July 6, 2020

Judge Orders Dakota Access Pipeline to Shut Down Pending Review

A federal judge on Monday sided with the Standing Rock Sioux Tribe and ordered the "highly controversial" Dakota Access pipeline to shut down until more environmental review is done. The 1,172-mile oil pipeline was the subject of months of sometimes violent protests, during its construction near the Standing Rock Sioux Reservation that straddles the North Dakota-South Dakota border. 

Energy Companies Abandon Long-Delayed Atlantic Coast Pipeline

The two energy companies behind the controversial 600-mile Atlantic Coast Pipeline on Sunday abandoned their six-year bid to build it, saying the project has become too costly and the regulatory environment too uncertain to justify further investment. The natural gas pipeline would have tunneled under the Appalachian Trail on its way from West Virginia through Virginia and into North Carolina.

Days of Floods and Mudslides in Japan Kill at Least 44 People as Streets Turn to Rivers

Torrential rain hit Japan's southwestern island of Kyushu on Monday, with at least one more river bursting its banks, as the death toll from three days of floods and mudslides rose to 44, including 14 at an elderly housing facility. Japanese broadcasters said evacuation orders have been issued for more than half a million residents, with tens of thousands more under evacuation advisories.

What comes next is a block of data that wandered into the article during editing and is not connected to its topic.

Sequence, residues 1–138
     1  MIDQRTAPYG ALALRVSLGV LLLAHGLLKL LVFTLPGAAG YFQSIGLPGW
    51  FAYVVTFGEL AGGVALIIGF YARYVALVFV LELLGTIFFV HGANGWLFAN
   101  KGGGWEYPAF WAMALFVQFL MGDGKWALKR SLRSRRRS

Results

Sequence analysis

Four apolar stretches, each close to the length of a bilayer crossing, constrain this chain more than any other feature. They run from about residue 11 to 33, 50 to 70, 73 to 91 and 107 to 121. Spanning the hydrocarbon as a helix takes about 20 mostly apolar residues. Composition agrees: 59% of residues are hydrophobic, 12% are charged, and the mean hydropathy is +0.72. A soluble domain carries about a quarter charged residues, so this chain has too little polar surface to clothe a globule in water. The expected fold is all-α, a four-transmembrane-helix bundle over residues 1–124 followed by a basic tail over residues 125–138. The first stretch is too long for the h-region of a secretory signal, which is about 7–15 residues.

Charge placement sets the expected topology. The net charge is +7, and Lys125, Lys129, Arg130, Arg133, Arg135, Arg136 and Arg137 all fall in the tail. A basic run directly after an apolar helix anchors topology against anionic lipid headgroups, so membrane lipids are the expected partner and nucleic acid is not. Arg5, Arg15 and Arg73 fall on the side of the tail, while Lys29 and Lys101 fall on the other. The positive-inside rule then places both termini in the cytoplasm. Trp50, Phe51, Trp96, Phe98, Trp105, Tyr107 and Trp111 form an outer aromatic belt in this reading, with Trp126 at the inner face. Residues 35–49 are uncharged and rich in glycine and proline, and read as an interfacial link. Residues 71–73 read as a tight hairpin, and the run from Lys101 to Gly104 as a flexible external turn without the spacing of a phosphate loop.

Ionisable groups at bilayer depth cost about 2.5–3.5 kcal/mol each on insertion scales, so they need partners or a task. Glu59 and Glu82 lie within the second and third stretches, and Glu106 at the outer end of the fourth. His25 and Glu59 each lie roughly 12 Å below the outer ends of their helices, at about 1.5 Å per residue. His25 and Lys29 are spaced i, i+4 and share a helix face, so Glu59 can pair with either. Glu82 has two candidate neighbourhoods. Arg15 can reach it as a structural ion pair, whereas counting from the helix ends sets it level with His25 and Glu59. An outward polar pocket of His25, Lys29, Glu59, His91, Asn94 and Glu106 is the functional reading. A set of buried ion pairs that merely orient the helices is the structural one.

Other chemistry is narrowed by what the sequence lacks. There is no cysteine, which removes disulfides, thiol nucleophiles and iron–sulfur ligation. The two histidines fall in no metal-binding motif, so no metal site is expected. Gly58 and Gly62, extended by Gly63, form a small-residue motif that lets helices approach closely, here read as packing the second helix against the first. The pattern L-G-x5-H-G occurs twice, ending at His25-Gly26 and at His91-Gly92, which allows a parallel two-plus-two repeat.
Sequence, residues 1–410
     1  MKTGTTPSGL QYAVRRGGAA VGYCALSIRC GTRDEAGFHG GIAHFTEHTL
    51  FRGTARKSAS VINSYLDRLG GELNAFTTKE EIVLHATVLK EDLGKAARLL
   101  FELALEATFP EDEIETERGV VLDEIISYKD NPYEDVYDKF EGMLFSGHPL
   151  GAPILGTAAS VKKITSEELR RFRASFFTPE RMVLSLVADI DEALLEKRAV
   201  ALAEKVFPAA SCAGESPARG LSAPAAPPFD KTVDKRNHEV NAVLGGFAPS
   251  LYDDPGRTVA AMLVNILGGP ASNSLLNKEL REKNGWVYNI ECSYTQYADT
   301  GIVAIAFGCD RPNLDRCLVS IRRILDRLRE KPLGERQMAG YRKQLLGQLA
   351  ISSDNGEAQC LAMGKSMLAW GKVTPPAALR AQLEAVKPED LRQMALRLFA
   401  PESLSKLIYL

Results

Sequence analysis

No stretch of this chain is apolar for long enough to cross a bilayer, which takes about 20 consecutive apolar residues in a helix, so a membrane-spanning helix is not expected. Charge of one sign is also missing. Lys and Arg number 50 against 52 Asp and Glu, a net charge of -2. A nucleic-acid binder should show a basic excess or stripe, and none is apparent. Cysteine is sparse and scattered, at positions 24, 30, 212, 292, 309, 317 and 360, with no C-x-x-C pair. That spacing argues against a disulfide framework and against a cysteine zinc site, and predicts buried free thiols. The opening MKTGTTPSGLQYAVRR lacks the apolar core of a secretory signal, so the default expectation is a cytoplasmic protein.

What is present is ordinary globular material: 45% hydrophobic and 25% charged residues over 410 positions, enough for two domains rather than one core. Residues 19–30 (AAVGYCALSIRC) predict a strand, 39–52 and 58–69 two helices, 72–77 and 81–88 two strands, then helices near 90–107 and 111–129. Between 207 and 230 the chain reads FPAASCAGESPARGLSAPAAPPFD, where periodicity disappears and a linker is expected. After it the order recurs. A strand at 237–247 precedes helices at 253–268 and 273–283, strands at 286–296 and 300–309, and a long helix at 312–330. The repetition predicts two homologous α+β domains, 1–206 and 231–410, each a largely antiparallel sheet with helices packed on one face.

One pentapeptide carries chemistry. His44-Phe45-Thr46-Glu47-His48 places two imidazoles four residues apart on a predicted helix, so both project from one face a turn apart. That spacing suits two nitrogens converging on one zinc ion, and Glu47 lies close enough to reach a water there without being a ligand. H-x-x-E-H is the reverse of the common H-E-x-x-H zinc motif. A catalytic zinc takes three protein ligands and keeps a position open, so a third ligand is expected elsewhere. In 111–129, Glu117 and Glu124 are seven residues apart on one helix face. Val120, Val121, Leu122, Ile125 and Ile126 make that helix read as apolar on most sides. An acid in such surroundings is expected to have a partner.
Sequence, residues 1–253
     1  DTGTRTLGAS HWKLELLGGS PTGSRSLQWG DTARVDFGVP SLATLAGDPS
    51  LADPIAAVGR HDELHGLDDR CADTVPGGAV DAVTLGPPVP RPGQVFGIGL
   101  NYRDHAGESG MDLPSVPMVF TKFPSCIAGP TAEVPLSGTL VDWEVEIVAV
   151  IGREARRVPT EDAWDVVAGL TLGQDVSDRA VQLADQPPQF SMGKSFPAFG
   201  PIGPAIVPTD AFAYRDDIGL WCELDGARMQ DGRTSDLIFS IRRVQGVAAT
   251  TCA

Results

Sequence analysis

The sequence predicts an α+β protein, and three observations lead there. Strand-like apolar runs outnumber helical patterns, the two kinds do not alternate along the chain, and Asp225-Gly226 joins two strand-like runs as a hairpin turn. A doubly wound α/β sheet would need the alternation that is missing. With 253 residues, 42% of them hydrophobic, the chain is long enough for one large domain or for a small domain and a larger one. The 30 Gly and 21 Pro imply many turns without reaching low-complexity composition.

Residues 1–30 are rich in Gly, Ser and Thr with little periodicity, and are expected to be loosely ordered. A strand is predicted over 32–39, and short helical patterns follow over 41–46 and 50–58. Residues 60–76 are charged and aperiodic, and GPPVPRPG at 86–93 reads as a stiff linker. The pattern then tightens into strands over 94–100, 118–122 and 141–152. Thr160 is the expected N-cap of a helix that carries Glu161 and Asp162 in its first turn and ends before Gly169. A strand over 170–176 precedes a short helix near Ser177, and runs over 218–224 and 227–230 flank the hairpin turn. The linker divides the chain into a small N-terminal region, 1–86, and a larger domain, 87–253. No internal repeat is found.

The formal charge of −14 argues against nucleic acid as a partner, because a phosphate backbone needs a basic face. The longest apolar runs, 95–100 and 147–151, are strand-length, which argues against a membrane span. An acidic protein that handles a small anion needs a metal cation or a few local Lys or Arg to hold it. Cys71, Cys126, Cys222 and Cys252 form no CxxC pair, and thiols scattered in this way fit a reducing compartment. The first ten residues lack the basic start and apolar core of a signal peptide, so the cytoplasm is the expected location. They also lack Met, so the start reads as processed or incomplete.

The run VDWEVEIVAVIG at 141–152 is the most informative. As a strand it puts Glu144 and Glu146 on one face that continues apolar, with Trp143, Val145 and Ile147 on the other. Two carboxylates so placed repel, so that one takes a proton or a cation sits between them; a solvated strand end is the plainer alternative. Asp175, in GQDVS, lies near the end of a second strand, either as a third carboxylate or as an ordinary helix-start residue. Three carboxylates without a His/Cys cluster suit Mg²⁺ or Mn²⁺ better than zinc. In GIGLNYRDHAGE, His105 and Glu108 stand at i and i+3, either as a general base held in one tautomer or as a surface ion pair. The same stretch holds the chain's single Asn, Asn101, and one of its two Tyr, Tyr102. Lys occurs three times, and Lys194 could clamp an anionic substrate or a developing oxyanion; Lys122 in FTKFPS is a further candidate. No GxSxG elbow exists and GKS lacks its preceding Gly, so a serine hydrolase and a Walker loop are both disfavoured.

Trump Nominee Pendley Faces Senate Hurdles to Securing Public Lands Post

William Perry Pendley, President Trump's controversial pick to lead the Bureau of Land Management, is expected to come under tough scrutiny during the Senate confirmation process, posing a test for vulnerable GOP senators. Pendley has been a lightning rod for criticism as acting director for the agency over his dismissal of climate science and his record of opposing public land ownership.

American Climate Video: Floodwaters Test the Staying Power of a ‘Determined Man’

When floodwaters inundated Louis Byford's home for the fourth time in March 2019, he didn't care if people thought he was crazy for rebuilding. "I don't have any desire to be located anywhere else but right here," said Byford, who has lived in Corning, Missouri, for nearly 50 years. This is part of our American Climate series documenting how climate change is impacting people across the country.